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ACC: Empagliflozin Cuts Heart Failure Hospitalization Risk After AMI

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Lower risks for first heart failure hospitalization, total heart failure hospitalization seen with empagliflozin

By Elana Gotkine HealthDay Reporter

MONDAY, April 8, 2024 (HealthDay News) — For patients with acute myocardial infarction at risk for heart failure, empagliflozin reduces the risk for heart failure hospitalization, according to a study published online April 6 in Circulation to coincide with the annual meeting of the American College of Cardiology, held from April 6 to 8 in Atlanta.

Adrian Hernandez, M.D., from Duke University in Durham, North Carolina, and colleagues examined the impact of empagliflozin on first and recurrent heart failure events in patients after myocardial infarction in a double-blind, randomized trial. The study included 6,522 patients hospitalized for acute myocardial infarction at risk for heart failure based on newly developed left ventricular ejection fraction of <45 percent and/or signs or symptoms of congestion.

The researchers found that the risk for first heart failure hospitalization and total heart failure hospitalizations was significantly lower in the empagliflozin group versus the placebo group during a median follow-up of 17.9 months (hazard ratio, 0.77 for first heart failure hospitalization; rate ratio, 0.67 for total heart failure hospitalizations). For first and total heart failure hospitalizations, the benefit of empagliflozin was consistent across clinically relevant patient subgroups. Patients randomly assigned to empagliflozin had less postdischarge need for new use of diuretics, renin-angiotensin modulators, and mineralocorticoid receptor antagonists.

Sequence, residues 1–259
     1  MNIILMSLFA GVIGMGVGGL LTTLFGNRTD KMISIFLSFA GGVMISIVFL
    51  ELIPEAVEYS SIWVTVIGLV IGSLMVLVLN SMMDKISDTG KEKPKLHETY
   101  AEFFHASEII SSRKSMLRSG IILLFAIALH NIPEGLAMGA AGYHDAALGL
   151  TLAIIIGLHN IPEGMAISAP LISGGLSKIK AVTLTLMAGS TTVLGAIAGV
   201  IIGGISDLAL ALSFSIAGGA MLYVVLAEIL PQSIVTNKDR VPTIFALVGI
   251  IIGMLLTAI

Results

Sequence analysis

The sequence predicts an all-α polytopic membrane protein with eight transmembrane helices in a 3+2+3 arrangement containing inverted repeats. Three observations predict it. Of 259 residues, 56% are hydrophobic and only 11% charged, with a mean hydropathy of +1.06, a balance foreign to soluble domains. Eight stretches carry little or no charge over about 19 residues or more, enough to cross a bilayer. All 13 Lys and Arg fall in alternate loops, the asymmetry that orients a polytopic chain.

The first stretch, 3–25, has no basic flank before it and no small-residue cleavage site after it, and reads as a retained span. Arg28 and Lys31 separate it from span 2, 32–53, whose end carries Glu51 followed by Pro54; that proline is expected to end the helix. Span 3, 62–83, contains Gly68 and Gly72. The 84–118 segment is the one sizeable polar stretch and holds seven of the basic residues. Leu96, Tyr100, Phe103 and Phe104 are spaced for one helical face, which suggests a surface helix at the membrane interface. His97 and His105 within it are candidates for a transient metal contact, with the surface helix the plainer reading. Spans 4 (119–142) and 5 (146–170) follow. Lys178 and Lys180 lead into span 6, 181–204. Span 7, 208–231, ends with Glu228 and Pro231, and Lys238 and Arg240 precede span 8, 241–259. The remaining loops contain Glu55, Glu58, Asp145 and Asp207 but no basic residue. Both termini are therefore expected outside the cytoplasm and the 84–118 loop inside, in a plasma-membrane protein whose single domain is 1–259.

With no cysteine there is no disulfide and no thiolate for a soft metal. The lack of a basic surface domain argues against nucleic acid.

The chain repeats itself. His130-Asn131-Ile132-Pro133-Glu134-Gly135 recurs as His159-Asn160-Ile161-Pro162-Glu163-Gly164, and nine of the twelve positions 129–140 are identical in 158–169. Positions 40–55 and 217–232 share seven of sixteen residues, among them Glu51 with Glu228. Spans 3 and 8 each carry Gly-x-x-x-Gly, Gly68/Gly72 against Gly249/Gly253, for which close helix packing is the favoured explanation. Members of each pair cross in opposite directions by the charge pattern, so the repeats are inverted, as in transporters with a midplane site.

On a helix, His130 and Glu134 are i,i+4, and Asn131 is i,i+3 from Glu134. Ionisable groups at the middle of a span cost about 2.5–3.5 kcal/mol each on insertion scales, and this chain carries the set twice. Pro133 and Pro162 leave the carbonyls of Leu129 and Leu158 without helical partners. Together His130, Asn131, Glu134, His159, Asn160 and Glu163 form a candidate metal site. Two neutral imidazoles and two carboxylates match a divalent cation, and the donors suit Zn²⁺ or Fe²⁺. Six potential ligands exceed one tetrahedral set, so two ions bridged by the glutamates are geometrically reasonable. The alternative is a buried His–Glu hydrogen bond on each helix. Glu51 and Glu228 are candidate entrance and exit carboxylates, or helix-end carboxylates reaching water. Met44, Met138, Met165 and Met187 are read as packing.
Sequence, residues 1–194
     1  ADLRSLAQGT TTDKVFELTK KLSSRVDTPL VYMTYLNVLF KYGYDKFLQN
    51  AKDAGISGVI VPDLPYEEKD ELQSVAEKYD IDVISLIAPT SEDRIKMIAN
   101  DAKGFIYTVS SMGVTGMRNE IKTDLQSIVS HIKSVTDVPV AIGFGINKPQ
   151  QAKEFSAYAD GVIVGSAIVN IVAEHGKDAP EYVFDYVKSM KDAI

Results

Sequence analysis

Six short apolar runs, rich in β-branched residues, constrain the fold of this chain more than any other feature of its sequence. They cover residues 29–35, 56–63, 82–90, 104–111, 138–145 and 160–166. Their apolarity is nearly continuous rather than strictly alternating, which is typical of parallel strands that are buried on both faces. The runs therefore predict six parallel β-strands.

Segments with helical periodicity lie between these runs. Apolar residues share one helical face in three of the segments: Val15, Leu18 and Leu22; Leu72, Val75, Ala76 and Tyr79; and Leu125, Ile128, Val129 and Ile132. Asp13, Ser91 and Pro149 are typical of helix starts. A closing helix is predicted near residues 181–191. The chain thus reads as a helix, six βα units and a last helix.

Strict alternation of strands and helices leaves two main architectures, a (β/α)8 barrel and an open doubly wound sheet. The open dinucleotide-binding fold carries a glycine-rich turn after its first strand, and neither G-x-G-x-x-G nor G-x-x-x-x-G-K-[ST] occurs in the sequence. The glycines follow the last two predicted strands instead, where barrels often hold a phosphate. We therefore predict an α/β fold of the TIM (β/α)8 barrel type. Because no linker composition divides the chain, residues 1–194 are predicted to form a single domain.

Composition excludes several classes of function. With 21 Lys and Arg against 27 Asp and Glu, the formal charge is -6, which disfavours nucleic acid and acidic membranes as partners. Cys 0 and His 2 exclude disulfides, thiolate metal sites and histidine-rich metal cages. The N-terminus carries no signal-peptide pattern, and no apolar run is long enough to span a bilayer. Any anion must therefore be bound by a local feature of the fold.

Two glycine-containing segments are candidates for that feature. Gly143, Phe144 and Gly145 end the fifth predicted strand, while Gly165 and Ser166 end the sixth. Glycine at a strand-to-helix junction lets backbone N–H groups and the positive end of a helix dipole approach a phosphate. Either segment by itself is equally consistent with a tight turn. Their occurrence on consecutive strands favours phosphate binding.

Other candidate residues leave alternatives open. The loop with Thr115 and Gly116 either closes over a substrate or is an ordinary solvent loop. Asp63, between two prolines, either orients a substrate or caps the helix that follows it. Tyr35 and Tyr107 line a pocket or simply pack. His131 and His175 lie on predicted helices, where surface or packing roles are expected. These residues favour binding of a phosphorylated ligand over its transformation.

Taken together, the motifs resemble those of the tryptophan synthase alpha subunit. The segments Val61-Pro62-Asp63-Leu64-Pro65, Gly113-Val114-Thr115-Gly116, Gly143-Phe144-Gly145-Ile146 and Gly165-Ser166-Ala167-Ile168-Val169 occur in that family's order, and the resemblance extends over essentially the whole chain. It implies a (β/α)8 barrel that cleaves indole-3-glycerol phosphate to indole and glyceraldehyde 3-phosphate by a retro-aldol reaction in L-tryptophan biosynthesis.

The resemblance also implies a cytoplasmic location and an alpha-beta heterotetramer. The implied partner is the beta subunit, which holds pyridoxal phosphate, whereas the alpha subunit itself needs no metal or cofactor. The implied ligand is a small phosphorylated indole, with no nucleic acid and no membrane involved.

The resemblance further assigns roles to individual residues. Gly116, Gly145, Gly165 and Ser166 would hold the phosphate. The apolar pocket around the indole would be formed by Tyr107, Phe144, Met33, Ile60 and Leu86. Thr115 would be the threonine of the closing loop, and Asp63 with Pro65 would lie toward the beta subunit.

“These data suggest the potential role for empagliflozin in high-risk post-myocardial infarction patients in preventing heart failure hospitalizations,” the authors write.

Several authors disclosed ties to biopharmaceutical companies, including Boehringer Ingelheim and Eli Lilly, which manufacture empagliflozin and funded the study.

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